NYC Cultural Affairs Commissioner Tom Finkelpearl made a “surprise exit.”

The following review presents a snapshot of recent news in African American art and related black culture:


Big news in arts leadership. The Metropolitan Museum of Art in New York is losing the chair of its education department. Sandra Jackson-Dumont has been named director and CEO of the Lucas Museum of Narrative Art, the visual storytelling museum game-changing filmmaker George Lucas and Mellody Hobson of Ariel Investments are building in Los Angeles. Culture Type

Meanwhile, Tom Finkelpearl suddenly stepped down after five years as commissioner of the New York City Department of Cultural Affairs. A former museum leader with deep connections in the city’s arts community, he is departing amid a series of bumps in the process of diversifying the city’s monuments. New York Times

READ MORE in a statement about Finkelpearl’s departure

“It’s time for new leadership at this agency. The energy that is needed to get to the finish line would be better done by a new person.” — Tom Finkelpearl

APPOINTMENTS | Set for 2020, the Texas Biennial announced its co-curators/artistic directors are Ryan N. Dennis (at left) and Evan Garza. Dennis joined Project Row Houses in Houston in 2012. She serves as curator and programs director with a focus on African American contemporary art. Texas Biennial

Across the pond, Olivette Otele, the first black female history professor in the UK, has been hired by Bristol University to examine the city’s role in the transatlantic slave trade. The Guardian

EXHIBITIONS | When Okwui Enwezor (1963-2019) died earlier this year at the age of 55, he was planning a major exhibition that will be realized as the 15th edition of the Sharjah Biennial. Staged in the United Arab Emirates in March 2021, the exhibition will feature 30 commissions by 30 international artists. New York Times

Co-curated by Naima J. Keith and Diana Nawi, Prospect New Orleans announced its fifth edition theme is “Yesterday we said tomorrow” and named a slate of emerging cultural producers—Grace Deveney, Kimberly Drew, Jason Fitzroy Jeffers, Kristina Kay Robinson, and Maricelle Robles—charged with planning public programming throughout 2020. Prospect.5

COMMISSIONS | Since 2009, Lincoln Center’s David Rubenstein Atrium has served as a public gathering space and host to a wide variety of free performances. To mark the decade, Brooklyn artist Kambui Olujimi has been commissioned to create a short video. Inspired by voguing in ballroom battle culture and Singkil, a traditional Filipino folk dance, the work debuts Nov. 19 at 8 pm EST on Lincoln Center’s Facebook and Instagram accounts (@LincolnCenter). Broadway World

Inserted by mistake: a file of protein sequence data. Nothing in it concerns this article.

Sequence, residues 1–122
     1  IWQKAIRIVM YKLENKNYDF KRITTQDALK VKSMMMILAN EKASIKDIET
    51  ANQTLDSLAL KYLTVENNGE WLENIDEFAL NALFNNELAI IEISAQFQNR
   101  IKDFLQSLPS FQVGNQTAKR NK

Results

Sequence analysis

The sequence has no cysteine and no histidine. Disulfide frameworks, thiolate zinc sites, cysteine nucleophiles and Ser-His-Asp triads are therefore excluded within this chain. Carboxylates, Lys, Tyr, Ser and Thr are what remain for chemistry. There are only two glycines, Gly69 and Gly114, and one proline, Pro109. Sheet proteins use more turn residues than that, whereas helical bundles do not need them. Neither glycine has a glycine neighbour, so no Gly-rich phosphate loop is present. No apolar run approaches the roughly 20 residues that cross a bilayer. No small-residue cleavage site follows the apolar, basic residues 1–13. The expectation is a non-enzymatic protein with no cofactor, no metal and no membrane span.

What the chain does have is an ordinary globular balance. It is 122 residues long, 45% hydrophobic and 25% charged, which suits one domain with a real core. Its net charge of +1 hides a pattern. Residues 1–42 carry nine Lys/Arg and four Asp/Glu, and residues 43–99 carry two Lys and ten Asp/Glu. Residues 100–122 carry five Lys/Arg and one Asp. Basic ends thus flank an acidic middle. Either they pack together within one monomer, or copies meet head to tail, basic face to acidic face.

AUCTIONS | Ebony Fashion Fair, the traveling runway show created by Eunice W. Johnson and the Johnson Publishing Co., in 1958, ceased operations in 2009. In the years since, multiple auctions of clothing from the collections have been held at Hindman in Chicago. The auction house is hosting the last sale of the collection. Property from Ebony Fashion Fair: The Final Show is Dec. 6, 2019. Hindman Auctions

GRANTS | Bank of America awarded 2019 art conservation grants to 22 institutions, including the High Museum of Art in Atlanta for the assessment and preservation of 10 assemblages by Thornton Dial Sr. (1928-2016). Bank of America

CONVERSATION | When, Where, and How We Enter: On Nov. 7, curators Valerie Cassel Oliver, Lauren Haynes, Melissa Messina, and Hallie Ringle are discussing the legacy of black women abstract painters at Spelman College Museum of Fine Art. Spelman



“Melvin Edwards: Lynch Fragments” features selections from artist’s central body of work dating from 1963 to 2016. The volume coincides with solo exhibitions of Melvin Edwards at the Baltimore Museum of Art (“Melvin Edwards: Crossroads” through Jan. 12, 2020) and Alexander Gray Associates gallery in New York (“Melvin Edwards” through Dec. 14, 2019).



Speaking of diversifying New York monuments, the city has issued an open call to artists for the creation of a monument to the Lyons family, African American property owners, educators, and activists who lived in Seneca Village, a mostly black community that was destroyed to make way for Central Park in the 1850s. Deadline is April 1, 2020

The Cranbrook Academy of Art seeks painting and photography artists-in-residence (faculty) for positions beginning September 2020. Priority given to applications received by Nov. 15, 2019 CT


IMAGES: Top, Tom Finkelpearl. | Courtesy NYC Department of Cultural Affairs; Above, at left, Ryan N. Dennis. | Courtesy Texas Biennial


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